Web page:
British Defense Secretary Ben Wallace said Thursday that Russia may declare war on “the Nazis of the world” on D-Day – an annual Russian celebration of the end of World War II on May 9.
UK defense officials Said earlier this month That Russia “probably wants to show” significant military success before the holiday.
Wallace made the remarks during an appearance on LBC Radio Thursday. During the program, host Nick Ferrari asked about the upcoming vacation.
“We’re nine or ten days away from what’s usually the day of the big show? How about planning them, how do you imagine they’re going to refer to the Ukraine war in ten days?”
“Well, I think we’ve seen a number of statements from Putin recently about ‘This has become a war, this is a proxy war and it is not … Nazis are basically everywhere. It’s not just in Ukraine and NATO is full of Nazis.’”
And I think what he would do was he would move on from his ‘special operation’… and he was paving the way for him to be able to say ‘Look, this is now a war against the Nazis’ and what I need is more people, I need more Russian cannon fuel basically.”
Wallace added that he had “no information on this,” but said that Putin “is likely to announce on this May Day that we are now at war with the Nazis in the world and that we need mass mobilization of the Russian people.”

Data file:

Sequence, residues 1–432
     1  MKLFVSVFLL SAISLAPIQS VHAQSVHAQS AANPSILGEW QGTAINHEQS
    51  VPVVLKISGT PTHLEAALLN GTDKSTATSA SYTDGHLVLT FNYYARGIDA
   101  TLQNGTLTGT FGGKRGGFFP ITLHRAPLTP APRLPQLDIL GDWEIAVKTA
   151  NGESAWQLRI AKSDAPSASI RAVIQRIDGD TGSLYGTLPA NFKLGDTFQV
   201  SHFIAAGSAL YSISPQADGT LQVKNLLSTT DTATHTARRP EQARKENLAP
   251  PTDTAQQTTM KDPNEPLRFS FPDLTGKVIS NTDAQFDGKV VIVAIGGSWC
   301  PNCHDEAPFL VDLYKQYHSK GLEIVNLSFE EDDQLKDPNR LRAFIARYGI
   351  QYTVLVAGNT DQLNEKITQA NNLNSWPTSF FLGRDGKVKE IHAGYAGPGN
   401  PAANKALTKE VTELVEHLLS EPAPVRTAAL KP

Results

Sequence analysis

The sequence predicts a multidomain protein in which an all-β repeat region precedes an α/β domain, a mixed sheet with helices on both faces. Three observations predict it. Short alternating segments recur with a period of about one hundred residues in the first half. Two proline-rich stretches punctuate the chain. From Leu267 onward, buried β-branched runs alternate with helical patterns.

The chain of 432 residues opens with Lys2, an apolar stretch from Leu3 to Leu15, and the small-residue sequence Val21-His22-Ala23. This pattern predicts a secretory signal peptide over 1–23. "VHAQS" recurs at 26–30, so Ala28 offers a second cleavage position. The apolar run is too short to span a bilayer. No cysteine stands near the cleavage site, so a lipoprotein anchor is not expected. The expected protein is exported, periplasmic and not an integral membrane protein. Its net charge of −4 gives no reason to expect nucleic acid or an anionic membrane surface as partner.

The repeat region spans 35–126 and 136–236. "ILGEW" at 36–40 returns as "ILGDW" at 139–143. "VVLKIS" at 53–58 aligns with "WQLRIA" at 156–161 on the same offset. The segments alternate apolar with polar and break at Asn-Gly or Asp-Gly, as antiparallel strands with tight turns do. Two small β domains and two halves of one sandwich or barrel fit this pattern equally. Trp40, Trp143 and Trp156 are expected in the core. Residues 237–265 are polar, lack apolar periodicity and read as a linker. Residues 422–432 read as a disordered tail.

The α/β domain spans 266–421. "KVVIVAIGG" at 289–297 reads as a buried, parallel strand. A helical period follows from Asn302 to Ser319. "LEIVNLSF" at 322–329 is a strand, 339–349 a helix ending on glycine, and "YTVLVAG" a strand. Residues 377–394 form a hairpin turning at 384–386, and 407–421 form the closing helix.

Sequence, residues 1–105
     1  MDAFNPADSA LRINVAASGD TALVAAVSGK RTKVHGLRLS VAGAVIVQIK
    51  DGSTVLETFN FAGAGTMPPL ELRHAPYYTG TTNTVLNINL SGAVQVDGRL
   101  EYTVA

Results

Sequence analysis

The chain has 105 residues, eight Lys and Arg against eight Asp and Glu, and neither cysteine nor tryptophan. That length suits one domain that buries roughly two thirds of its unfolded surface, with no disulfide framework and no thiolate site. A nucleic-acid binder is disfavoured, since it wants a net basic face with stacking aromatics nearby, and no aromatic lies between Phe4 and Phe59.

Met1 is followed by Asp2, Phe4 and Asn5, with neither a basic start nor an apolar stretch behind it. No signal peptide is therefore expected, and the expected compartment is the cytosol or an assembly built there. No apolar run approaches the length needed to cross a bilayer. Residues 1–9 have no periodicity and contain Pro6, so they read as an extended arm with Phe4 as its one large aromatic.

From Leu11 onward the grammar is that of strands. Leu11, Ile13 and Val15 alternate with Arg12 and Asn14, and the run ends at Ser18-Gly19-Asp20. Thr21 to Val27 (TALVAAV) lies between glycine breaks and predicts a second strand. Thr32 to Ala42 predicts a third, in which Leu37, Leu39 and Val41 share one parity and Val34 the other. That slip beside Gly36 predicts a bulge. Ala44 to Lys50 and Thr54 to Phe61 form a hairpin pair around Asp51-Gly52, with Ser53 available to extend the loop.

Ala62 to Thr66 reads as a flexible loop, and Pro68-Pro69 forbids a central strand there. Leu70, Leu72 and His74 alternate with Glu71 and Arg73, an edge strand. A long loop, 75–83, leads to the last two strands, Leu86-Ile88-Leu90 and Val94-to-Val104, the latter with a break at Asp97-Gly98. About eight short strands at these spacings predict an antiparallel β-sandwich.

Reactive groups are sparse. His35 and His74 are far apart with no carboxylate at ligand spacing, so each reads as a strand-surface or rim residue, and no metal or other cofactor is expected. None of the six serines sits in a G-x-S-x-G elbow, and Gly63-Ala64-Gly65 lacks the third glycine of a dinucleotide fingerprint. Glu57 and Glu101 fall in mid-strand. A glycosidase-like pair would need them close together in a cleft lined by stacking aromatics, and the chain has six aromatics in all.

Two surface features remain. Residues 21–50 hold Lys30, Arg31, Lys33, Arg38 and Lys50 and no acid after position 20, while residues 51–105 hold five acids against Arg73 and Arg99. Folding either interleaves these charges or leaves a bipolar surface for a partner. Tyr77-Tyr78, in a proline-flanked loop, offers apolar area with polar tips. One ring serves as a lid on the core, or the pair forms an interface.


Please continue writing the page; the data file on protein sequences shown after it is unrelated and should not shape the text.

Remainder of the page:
“And it is indeed a pathetic attempt to cover up the fact that his generals have already sent thousands of men to their deaths because of their own incompetence, arrogance, and arrogance.”
In the days before that, Russia issued threat statements to NATO. In a speech on Wednesday, Putin said that those who interfere in Russia’s actions in Ukraine and create “unacceptable threats to us of a strategic nature” will be met with a “lightning fast” response.
On Monday, Russian Foreign Minister Sergei Lavrov said that “NATO will go to war with Russia through a proxy and arm that proxy.”
On Friday, a NATO official Be warned that it may take years Before the end of the war in Ukraine.
“It is clear that the next few days and weeks may be decisive, but the war will probably take longer,” said NATO Deputy Secretary-General Mircea Gewan. “It could be weeks, it could be months, it could be years – it depends on a lot of factors.”
NEWSWEEK Contact the Russian Foreign Ministry for comment.